Smallholder farmers in the Guinea savanna agroecological zone of northern Ghana practise maize-grain legume intercropping to mitigate the risks of crop failure in sole cropping, and to safeguard household food, nutrition and income security. The productivity of maize-grain legume intercrops is influenced by soil fertility status and the spatial arrangement of the intercrop components. Although maize-grain legume intercrops have been studied in the Guinea savanna, these have been limited to distinct alternate arrangements on experimental stations. The impact of soil fertility on intercrop productivity has not been studied in the Guinea savanna despite the large variability in soil fertility status observed in farmers’ fields. Therefore, we studied the impact of different spatial arrangement of maize and grain legume intercrops (Figure 1) and soil fertility status on resource use efficiency, crop productivity and economic profitability under on-farm conditions in the southern and northern Guinea savanna agroecological zones of northern Ghana.
In Podcaster (no. 39), I presented the intercrop grain yields of cowpea and maize as affected by the spatial arrangement of the intercrops and soil fertility status while the full manuscript for publication was under preparation. The paper has now been published as:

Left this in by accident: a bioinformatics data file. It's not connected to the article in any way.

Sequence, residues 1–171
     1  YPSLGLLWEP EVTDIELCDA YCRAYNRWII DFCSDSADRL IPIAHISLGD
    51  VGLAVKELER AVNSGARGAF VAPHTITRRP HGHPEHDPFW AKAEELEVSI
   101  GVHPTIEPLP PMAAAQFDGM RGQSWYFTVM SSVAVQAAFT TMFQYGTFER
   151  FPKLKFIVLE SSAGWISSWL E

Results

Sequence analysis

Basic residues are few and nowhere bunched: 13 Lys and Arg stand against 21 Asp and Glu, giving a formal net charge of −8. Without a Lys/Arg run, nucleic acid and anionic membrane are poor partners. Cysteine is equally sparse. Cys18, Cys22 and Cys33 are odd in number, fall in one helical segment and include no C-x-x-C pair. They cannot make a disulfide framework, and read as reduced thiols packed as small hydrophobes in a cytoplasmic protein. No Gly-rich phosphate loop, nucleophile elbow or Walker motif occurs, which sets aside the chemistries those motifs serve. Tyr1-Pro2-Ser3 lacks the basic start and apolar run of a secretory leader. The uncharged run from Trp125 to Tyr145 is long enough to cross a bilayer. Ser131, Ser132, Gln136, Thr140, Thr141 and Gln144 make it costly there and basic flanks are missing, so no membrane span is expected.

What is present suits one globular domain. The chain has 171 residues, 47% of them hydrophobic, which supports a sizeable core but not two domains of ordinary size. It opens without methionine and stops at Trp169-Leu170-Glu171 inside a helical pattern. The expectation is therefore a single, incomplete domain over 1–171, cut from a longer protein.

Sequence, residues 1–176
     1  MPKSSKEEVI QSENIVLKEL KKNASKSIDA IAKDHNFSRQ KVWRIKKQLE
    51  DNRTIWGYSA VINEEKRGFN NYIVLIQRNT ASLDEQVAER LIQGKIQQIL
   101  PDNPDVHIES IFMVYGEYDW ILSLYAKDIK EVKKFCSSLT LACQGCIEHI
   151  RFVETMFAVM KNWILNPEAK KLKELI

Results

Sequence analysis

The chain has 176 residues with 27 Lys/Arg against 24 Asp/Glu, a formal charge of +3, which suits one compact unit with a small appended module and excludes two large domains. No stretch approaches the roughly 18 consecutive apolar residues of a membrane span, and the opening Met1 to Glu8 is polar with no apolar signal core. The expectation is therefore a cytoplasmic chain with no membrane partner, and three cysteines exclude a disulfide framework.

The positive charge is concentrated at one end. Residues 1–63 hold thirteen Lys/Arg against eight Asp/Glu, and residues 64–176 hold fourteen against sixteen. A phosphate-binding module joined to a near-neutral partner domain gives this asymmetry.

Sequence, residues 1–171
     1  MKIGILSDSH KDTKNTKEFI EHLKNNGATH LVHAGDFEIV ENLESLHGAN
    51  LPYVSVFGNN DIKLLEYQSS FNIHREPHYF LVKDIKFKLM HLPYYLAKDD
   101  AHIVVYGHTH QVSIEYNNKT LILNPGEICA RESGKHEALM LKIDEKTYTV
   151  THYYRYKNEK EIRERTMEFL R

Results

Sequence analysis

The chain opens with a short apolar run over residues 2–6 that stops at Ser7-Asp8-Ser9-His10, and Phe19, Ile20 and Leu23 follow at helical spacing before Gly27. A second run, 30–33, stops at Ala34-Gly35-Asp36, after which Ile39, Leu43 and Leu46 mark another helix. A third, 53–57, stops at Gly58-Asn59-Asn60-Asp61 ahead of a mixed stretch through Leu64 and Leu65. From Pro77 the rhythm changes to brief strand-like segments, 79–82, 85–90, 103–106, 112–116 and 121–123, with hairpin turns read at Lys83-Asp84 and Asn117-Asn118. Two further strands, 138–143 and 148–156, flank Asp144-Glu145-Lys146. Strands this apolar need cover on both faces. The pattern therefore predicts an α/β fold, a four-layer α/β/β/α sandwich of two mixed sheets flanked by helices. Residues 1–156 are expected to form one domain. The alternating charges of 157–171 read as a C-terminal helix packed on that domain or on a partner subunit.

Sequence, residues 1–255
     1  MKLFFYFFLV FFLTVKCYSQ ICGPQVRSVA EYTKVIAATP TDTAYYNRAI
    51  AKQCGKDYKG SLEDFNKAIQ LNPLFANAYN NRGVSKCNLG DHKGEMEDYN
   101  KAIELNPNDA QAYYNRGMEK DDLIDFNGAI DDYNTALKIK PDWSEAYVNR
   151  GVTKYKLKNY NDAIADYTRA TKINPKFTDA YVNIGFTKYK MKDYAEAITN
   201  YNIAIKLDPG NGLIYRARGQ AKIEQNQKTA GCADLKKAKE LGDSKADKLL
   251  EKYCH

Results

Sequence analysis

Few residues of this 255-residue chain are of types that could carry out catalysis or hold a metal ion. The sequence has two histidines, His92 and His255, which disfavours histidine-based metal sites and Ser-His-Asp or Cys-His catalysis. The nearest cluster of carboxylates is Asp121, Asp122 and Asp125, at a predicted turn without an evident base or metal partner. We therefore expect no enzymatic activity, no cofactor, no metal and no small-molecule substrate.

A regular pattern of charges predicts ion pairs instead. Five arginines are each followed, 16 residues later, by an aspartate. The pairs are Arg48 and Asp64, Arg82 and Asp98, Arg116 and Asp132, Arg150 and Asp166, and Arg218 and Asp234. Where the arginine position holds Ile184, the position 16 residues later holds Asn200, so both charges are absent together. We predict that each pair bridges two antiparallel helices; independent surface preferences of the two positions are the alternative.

Kermah, M., Franke, A.C., Adjei-Nsiah, S., Ahiabor, B.D.K., Abaidoo, R.C., Giller, K.E., 2017. Maize-grain legume intercropping for enhanced resource use efficiency and crop productivity in the Guinea savanna of northern Ghana. Field Crop Res. 213, 38-50.
|Here I present the economic evaluation (Figure 2) of cowpea and maize intercrops and sole crops from the paper. The within-row intercrop pattern was more profitable than the distinct row arrangement. Intercropping maize and grain legumes generally led to larger net benefits compared with sole cropping of maize or a grain legume. Economic profitability of the cropping patterns declined with decreasing soil fertility. However, land equivalent ratios were greater in the low fertility fields, indicating that the intercrops used environmental resources more efficiently to produce grain yield in the low fertility fields (see paper). These results demonstrate that smallholder farmers in the Guinea savanna can intensify grain legume production by intercropping them with maize (largely the main crop) and preferably in a within-row arrangement to increase resource use efficiency, crop productivity and economic profitability.|
Michael Kermah, Wageningen University & Research, The Netherlands